Syncopation: Revisited

This is a common theme of my blog so regulars beware:  Well worn ground ahead.

I am talking, of course, about the fact that government officials in New Brunswick (elected and staff) are pathologically incapable of expressing consternation or disappointment with the results of their efforts.  It’s almost like a lock down on expression.

The sequence is exactly the same.  In opposition, the MLAs will complain ad nauseum about issues – job creation, health care wait times, education test scores, quality of highways, red tape, – you know the drill. Then they get in power and for the first few months they continue to say they are concerned about these issues. 

Somewhere between 6-12 months they start to realize that they now own these issues (can’t blame the previous guy) and will defend to the death the same results that 1-2 years ago they were attacking as unacceptable.

I don’t understand it.  Maybe it is part of the culture of politics.  Maybe it is just highly professional and institutionalized spin control.  Maybe it is part of the narcissism of politics – never admitting mistakes until there is nowhere left to hide  – and even then blaming someone else.

Why couldn’t a government minister say the words “we are not happy with the results of program x and we will be moving in a new direction”?  Why can’t they ever say “we were wrong”?  

I have heard that the most successful governments are those that put their reforms in place within the first 12-18 months.  This makes sense to me because after that – there is almost no self-criticism.  It’s auto-pilot until the next group wins the election and the cycle starts over again.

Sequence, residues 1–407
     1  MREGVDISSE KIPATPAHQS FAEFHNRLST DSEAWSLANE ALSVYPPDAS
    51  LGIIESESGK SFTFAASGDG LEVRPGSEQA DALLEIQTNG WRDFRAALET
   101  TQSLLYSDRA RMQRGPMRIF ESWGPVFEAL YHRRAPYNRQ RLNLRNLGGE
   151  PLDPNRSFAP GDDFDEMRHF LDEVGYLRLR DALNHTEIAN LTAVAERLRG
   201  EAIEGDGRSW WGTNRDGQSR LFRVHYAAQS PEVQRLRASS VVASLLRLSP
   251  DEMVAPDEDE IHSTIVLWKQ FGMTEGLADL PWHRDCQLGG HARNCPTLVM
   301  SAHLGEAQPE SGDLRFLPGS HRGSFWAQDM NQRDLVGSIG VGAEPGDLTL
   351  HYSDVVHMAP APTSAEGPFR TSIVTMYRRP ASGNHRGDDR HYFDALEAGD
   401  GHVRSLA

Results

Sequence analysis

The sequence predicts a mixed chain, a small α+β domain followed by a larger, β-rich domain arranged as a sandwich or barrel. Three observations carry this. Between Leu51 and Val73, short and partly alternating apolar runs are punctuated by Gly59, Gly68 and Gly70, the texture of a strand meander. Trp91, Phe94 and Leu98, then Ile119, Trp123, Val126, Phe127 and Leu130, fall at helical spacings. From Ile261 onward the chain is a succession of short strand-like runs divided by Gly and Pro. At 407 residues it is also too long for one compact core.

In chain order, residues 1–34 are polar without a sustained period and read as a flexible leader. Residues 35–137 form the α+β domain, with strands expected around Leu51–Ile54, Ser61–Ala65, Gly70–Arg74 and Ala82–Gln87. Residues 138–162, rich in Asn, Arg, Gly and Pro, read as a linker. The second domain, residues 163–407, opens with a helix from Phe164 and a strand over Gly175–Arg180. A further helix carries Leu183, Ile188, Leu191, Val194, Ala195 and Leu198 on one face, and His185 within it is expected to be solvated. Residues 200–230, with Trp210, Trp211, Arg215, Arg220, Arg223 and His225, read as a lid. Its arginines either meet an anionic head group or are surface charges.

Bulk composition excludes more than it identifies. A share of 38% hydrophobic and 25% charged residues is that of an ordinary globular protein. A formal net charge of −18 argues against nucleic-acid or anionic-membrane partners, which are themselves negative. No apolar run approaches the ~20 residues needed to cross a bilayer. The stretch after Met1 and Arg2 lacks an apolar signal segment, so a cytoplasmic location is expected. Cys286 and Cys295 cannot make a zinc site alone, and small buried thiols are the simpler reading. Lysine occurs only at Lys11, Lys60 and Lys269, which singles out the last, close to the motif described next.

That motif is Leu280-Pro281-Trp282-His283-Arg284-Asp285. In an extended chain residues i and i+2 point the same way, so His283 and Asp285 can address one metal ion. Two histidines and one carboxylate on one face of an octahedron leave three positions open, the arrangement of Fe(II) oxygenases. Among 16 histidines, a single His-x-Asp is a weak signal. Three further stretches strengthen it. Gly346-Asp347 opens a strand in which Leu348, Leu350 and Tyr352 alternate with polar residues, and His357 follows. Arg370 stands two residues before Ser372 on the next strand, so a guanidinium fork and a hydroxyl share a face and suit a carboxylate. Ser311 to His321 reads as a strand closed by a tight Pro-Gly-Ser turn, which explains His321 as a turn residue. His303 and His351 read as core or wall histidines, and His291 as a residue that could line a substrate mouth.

There are a lot of voice calling for changes in the area of economic development.  It would be wise to listen to these voice.  Not to across the board agree with everything but to give a hearing and then build a consensus for change.

Admitting mistakes, failure or just a lack of satisfaction is a sign of strength not of weakness.

2 thoughts on “Syncopation: Revisited

  1. “I have heard that the most successful governments are those that put their reforms in place within the first 12-18 months.”
    > This statement pretty much sums up what I have been saying for years. When a government spends its first year or two with reports, studies, and task forces, it just means that they didn’t have a clue of what they were going to do. Incidentally, New Brunswick is the ONLY place where I have seen this kind of thing happening.

  2. More well worn analysis ahead: virtually NO government entity adapts itself from ‘inside’-that also goes for the next thread on BNB. This is the fault of the media as well as citizens. You can get a protest at the legislature for abortion, french immersion, or for Gaza, but nobody ever cares enough to attack a government body. That’s beginning to change, Charles Leblanc’s readership went up by 200 people per day when he started covering the public inquiry in Bathurst, and now a real organization has grown out of that.

    It’s difficult though, NB is mired in forty years of Irving propaganda. So while there was real interest in Bathurst, when you look at comments even at CBC it was pretty much ‘hey, get over it’. No interest in public policy at all.

    When a group really starts badgering them, perhaps even just at their weblog (although thats sure to do a TJ if it gets TOO critical there), then governments respond. Until then, the simply question is….why WOULD they operate any other way if they don’t have to?

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